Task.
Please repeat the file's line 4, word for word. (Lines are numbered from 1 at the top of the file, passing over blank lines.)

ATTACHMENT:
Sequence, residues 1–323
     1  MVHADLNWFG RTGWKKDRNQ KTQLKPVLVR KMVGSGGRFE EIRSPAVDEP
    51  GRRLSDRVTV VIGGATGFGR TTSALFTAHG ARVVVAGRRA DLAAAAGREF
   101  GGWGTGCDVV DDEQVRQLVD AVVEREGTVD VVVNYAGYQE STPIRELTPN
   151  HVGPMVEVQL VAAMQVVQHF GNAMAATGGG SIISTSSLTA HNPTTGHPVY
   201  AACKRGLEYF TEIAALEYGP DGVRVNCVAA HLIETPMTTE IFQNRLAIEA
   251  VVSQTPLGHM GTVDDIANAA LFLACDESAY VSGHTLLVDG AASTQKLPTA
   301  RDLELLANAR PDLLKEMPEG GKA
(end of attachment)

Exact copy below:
   101  GGWGTGCDVV DDEQVRQLVD AVVEREGTVD VVVNYAGYQE STPIRELTPN